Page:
Mortgage rates this week are most likely going to continue to trend sideways, having it’s ups and downs in relation to which way the wind blows and market reaction to economic news, especially anything that relates to inflation – good or bad.
And here’s why, last week Jerome Powell spent 2 days on Capitol Hill. In remarks to the House Financial Services Committee on Wednesday, Jerome Powell cautioned that he and all other Fed members expect to raise interest rates further to bring down inflation. The only concession he made was that it appears the Fed won’t moves at the expedient pace they have since March 2022.
On one hand, they’re confident about their actions up until now, but maybe not SO BOLD as to think their work is done.
And I quote, “Given how far we’ve come, it may make sense to move rates higher but to do so at a more moderate pace,” which came straight from Jerome Powell during the question-and-answer session with committee members.
Here are some of the key points we’re watching closely as we creep closer and closer to their next rate and policy decision coming up in July.
- The Fed is likely to continue raising interest rates in an effort to cool the economy and bring inflation under control. But when they do this and how much they do this by it still up for grabs.
- The Fed is aware that there is a risk of a recession, but Jerome Powell said that the central bank is “strongly committed” to its dual mandate of price stability and maximum employment…which he’s been saying ad nauseum for many many meetings in a row.
- Jerome also repeated that the Fed is “not trying to induce a recession,” but that it is “prepared to do whatever it takes” to bring inflation down.
- And lastly, he acknowledged that the Fed’s actions to raise interest rates could have a negative impact on economic growth, but he said that the central bank is “laser-focused” on its inflation goal. Remember when he said there would be MORE PAIN AHEAD?…This is that same admission, but stated a little more nicely.
In addition to these key points, Powell continues to shrink its balance sheet, which has ballooned to over $9 trillion in recent years. He said that the Fed will continue to reduce its balance sheet by allowing some of its Treasury and mortgage-backed securities to mature without being replaced. Remember, these are the instruments that helped us have historic low rates in 2020 and 2021.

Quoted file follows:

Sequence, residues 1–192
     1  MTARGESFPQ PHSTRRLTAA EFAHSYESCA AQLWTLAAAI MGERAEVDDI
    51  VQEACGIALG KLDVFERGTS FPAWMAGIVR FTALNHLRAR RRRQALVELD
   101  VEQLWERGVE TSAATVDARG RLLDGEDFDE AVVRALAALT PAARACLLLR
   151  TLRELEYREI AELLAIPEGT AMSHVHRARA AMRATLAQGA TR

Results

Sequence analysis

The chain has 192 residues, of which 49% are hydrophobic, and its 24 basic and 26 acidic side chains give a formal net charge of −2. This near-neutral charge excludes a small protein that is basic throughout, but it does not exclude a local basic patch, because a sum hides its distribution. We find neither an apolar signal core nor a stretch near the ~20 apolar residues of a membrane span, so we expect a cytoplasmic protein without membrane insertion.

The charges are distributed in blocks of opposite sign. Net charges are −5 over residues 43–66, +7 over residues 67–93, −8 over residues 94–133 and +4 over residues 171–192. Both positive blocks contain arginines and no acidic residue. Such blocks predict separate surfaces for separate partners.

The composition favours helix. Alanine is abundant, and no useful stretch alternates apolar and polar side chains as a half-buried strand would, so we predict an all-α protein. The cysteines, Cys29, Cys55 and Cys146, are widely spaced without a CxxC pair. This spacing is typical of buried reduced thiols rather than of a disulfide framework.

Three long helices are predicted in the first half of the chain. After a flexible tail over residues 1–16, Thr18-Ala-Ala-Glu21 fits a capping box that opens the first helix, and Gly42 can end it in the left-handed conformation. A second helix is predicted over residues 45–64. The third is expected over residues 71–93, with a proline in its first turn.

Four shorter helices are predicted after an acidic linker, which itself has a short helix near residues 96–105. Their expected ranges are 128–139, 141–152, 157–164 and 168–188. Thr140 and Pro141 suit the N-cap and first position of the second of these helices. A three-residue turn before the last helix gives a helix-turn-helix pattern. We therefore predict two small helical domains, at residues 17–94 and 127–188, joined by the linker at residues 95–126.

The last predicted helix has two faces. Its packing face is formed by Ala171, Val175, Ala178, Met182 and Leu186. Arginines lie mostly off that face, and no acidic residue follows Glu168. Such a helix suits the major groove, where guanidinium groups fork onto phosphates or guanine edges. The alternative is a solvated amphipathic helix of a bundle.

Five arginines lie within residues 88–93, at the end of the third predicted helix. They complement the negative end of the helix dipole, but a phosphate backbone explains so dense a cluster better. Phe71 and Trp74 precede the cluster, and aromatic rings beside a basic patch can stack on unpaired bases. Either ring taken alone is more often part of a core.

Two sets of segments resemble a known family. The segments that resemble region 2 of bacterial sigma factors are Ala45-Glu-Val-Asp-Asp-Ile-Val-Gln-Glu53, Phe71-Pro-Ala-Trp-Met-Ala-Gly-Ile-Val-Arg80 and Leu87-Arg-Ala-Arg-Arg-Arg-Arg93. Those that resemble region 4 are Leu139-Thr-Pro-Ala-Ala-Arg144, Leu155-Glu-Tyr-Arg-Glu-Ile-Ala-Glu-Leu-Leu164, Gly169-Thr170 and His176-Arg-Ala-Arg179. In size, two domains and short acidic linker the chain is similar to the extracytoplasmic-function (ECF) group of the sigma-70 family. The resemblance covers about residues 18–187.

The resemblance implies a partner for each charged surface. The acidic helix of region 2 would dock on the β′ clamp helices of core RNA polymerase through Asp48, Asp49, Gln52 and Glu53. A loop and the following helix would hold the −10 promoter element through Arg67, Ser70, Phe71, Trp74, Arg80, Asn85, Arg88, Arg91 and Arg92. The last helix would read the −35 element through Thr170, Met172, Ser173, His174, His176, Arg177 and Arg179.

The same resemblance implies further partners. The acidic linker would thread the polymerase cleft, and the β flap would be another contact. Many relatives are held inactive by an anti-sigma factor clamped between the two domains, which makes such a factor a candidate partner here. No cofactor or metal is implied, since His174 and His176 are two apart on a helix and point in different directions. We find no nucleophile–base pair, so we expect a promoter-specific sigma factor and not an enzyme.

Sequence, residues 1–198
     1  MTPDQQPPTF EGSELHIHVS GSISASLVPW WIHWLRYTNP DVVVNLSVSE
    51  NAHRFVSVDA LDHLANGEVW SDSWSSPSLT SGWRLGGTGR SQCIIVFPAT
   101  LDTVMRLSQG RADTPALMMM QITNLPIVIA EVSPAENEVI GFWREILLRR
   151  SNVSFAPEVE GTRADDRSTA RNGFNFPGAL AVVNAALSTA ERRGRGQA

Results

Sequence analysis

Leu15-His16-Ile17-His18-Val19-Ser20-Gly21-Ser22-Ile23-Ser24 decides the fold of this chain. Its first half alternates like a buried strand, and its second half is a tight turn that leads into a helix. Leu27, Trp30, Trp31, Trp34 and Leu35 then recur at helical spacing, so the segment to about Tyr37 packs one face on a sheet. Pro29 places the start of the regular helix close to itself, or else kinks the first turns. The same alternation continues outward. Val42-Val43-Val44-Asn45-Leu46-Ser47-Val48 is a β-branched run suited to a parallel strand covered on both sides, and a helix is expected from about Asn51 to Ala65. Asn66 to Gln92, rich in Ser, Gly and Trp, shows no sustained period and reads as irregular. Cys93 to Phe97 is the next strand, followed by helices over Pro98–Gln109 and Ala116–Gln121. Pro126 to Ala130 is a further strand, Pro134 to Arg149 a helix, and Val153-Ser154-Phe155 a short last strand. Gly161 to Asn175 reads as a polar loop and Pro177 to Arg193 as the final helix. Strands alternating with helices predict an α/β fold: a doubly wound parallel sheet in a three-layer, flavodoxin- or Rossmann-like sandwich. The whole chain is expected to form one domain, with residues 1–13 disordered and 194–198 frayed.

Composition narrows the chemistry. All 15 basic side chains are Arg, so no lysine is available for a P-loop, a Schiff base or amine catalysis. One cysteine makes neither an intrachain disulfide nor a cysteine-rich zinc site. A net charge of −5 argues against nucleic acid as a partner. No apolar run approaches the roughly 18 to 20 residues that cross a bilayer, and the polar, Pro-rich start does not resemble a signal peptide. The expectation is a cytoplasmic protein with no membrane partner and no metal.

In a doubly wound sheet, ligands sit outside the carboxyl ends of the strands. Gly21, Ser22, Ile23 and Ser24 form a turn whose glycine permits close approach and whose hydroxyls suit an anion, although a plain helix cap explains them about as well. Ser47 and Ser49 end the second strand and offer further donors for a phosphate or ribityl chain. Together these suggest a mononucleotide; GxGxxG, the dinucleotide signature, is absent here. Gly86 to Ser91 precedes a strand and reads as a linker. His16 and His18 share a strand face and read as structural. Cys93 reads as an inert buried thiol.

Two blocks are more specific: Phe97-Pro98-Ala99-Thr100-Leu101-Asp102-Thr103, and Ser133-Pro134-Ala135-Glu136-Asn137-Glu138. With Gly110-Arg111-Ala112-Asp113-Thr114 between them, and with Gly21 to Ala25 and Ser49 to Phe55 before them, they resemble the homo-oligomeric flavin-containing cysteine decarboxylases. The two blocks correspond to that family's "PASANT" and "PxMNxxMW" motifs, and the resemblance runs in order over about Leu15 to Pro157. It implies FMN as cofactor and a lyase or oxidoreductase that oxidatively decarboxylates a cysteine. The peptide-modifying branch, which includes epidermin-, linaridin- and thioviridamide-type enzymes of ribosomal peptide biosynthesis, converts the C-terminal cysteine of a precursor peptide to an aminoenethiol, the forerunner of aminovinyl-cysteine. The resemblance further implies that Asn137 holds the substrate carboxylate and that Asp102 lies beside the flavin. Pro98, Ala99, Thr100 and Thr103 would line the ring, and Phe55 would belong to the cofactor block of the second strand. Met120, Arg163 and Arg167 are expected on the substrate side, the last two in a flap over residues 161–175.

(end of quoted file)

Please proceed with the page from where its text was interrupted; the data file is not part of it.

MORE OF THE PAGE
In general Jerome Powell’s testimony was met with mixed reactions from lawmakers. Some criticized the Fed for not doing enough to raise interest rates sooner, while others expressed concern that the Fed’s actions could lead to a recession….and they’re both right. Which reinforces our opinion we’ve been sharing with you: The Fed is Stuck. They know it. We know it. They know that We know it.
Overall, Powell’s testimony gave a clear indication that the Fed is serious about bringing down inflation, even if it means taking some risks to the economy. It remains to be seen how successful the Fed will be in its efforts, but Powell’s testimony suggests that the central bank is determined to do whatever it takes to achieve its goals.
And here’s a quick look at what we’re watching in the markets this week:
Tuesday: Consumer Confidence reading comes our and New Home Sales data
Wednesday: Jerome Powell is slated to participate in a panel discussion at the European Central Bank Forum on Central Banking in Sintra, Portugal.
Thursday: Final GDP Quarter over quarter is expected to come in at 1.4% which is Lower than we’d like to see in a thriving economy, but this IS in line with Fed expectations. We also get unemployment claims and pending home sales. Pending Home sales is important as it shines a light on inventory which we desperately need and will likely have a light impact on overall rate policy for the time being.
Friday: is all about Core PCE, one of the Fed’s favorite measurements! Look for this number to be in positive territory still, which means inflation still has not flattened, but keep an eye open for a miss to the high side of low side. A miss to the high side could weigh in on a Fed rate hike possibility in July, and a miss to the low side could hint at a possible July Pause once again, in order to gather more data.
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